Blaine Holcomb Stays True To His Roots As A Nashville Artist

Blaine Holcomb Interview

Hometown: Hamilton, New York
Influences: Merle Haggard, George Jones, Keith Whitley, Daryle Singletary, Brad Paisley

Blaine Holcomb, a Nashville transplant from Upstate NY, began playing music when he was 11 years old. After touring around New York state in college, he quickly moved to Nashville to pursue his music career as a recording artist. “I knew that after graduation I needed to move to Nashville and give it a shot.”

Shortly after moving to town, Blaine auditioned to play on lower Broadway, Music City’s iconic honky tonk mecca, like most aspiring country artists do. Striking a chord with Tootsie’s Orchid Lounge, he started playing more and more shows at the world famous honky tonk. As a lower Broadway vet, Blaine has some helpful advice for other musicians looking to perform in Downtown Nashville.

“Broadway is a great place to work on your chops and hone your craft. It’s a great way to develop good stage presence and get comfortable fronting a band and working a crowd. I would just say make sure you know a lot of material so you can cover most requests.”

When you perform at local bars, what one song is requested the most?

“Well I guess I’d have to say Wagon Wheel. It’s not a bad song it’s just so overplayed that at this point I think all of us musicians are over it. But I really don’t like singing most pop country songs. I’m more into 90’s country.”

You’ve opened up for a lot of national acts in your career. Who was your favorite artist or band to share the stage with?

“I guess I’d have to say Justin Moore just because I’ve always been a big fan of his music. I opened for him in NY in 2013 and then I met him again one night in 2016 when he came into Tootsie’s on broadway and sang with us.”

Blaine was playing at a downtown bar when the March 3rd tornado ripped through Nashville and left devastation in its trail. He fortunately wasn’t in harms way, but his heart is with those who were affected.

“Yes, that was a scary and weird night. I was playing a late shift at The Valentine. We knew there were storm warnings but didn’t know anything about a tornado warning. The bar let us stop playing at 12:30am and we packed up to go home right as the storm hit. The strange thing was that it wasn’t that bad on broadway. Some heavy rain and some wind but nothing serious. It calmed down a bit in a couple minutes so I made a run for my truck and was able to make it safely home. While driving home I realized the power was out in a lot of Germantown and West Nashville which was eerie. I still at that time had no idea that a tornado had just torn through there. I later learned that if I would’ve left the bar about 15 minutes earlier I would’ve driven right into the tornado. It was a scary night for all of us. Fortunately I was safe and my house wasn’t damaged but a lot of people lost everything and some lost their lives.”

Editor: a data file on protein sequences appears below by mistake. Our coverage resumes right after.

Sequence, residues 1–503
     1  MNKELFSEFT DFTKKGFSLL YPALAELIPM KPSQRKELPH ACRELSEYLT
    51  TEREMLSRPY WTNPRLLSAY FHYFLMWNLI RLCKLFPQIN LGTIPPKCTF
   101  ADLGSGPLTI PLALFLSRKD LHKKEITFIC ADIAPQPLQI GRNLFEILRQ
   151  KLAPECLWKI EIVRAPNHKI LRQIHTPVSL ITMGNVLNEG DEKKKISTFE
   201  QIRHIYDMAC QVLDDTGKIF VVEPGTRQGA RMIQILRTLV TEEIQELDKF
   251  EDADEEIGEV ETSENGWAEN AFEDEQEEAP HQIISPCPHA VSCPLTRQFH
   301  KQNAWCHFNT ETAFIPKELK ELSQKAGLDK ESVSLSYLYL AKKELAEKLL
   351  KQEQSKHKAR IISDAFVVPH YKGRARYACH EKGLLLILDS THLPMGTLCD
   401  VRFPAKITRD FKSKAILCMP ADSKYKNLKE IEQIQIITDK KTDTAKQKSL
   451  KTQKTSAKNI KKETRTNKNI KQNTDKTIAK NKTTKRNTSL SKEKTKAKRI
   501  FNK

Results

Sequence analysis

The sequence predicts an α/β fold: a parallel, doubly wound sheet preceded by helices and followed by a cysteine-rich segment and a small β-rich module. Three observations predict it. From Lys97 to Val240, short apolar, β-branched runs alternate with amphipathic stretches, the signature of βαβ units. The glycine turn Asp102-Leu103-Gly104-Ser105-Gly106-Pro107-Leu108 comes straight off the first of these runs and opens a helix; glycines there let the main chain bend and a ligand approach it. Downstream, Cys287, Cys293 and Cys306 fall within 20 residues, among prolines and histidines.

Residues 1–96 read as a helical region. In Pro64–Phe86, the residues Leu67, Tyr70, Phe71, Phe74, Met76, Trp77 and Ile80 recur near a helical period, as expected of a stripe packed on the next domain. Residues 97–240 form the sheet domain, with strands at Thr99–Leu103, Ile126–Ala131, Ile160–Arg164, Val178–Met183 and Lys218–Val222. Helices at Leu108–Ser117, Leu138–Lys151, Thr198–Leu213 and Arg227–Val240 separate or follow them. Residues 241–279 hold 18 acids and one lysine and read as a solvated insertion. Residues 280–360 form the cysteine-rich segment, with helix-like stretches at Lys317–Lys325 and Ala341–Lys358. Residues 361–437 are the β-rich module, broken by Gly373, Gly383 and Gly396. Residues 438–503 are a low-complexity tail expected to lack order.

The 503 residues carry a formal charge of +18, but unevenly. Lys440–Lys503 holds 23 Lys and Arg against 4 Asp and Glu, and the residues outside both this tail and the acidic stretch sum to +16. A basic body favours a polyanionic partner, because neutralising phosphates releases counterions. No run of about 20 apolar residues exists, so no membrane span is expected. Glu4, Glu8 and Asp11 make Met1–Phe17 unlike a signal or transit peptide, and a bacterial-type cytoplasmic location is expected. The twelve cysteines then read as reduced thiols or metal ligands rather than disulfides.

Since moving to Music City, Blaine was writing music for his self-titled EP Blaine Holcomb, which released at the tail end of 2019. Nine songs are included in the EP including his 2018 single “Cowboys Do”.

What song from your self titled debut album are you most proud of?

“Keep Your Line In The Water — That song is the last track on the album and I did just a stripped down acoustic version of it because that’s the way I wrote it and the way it feels most comfortable. It’s one of the first songs that I wrote after I moved to Nashville. It’s a song about my grandfather. He used to take me fishing when I was growing up. He’s the one who taught me how to bass fish and we were very close. He passed away when I was a freshman in high school so that song means a lot to me. It’s my song for him.”

What does the rest of the year look like for you?

“I have two new songs that I recently wrote and recorded that I’m looking forward to releasing this year. I’m also working on some other new material. I was looking into shooting a music video for one of the songs and starting to get the ball rolling on releasing it when the coronavirus basically shut the world down. So now I’m just waiting to see how everything plays out. Hopefully life will get back to normal soon and I’ll be able to get some new music out.”



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